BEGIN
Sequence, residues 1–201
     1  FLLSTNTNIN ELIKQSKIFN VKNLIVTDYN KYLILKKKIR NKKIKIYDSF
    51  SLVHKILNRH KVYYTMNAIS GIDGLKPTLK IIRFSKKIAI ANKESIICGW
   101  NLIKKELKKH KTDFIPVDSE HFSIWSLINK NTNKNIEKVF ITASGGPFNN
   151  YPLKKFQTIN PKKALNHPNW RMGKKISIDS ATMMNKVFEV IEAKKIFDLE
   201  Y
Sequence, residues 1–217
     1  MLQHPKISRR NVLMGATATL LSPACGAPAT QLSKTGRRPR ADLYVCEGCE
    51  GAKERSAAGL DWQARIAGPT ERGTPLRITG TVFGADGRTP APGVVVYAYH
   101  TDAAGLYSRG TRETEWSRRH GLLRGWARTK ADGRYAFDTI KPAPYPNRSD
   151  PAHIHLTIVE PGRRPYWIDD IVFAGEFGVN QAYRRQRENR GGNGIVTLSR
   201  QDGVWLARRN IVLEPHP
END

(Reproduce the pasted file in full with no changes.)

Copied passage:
Sequence, residues 1–201
     1  FLLSTNTNIN ELIKQSKIFN VKNLIVTDYN KYLILKKKIR NKKIKIYDSF
    51  SLVHKILNRH KVYYTMNAIS GIDGLKPTLK IIRFSKKIAI ANKESIICGW
   101  NLIKKELKKH KTDFIPVDSE HFSIWSLINK NTNKNIEKVF ITASGGPFNN
   151  YPLKKFQTIN PKKALNHPNW RMGKKISIDS ATMMNKVFEV IEAKKIFDLE
   201  Y
Sequence, residues 1–217
     1  MLQHPKISRR NVLMGATATL LSPACGAPAT QLSKTGRRPR ADLYVCEGCE
    51  GAKERSAAGL DWQARIAGPT ERGTPLRITG TVFGADGRTP APGVVVYAYH
   101  TDAAGLYSRG TRETEWSRRH GLLRGWARTK ADGRYAFDTI KPAPYPNRSD
   151  PAHIHLTIVE PGRRPYWIDD IVFAGEFGVN QAYRRQRENR GGNGIVTLSR
   201  QDGVWLARRN IVLEPHP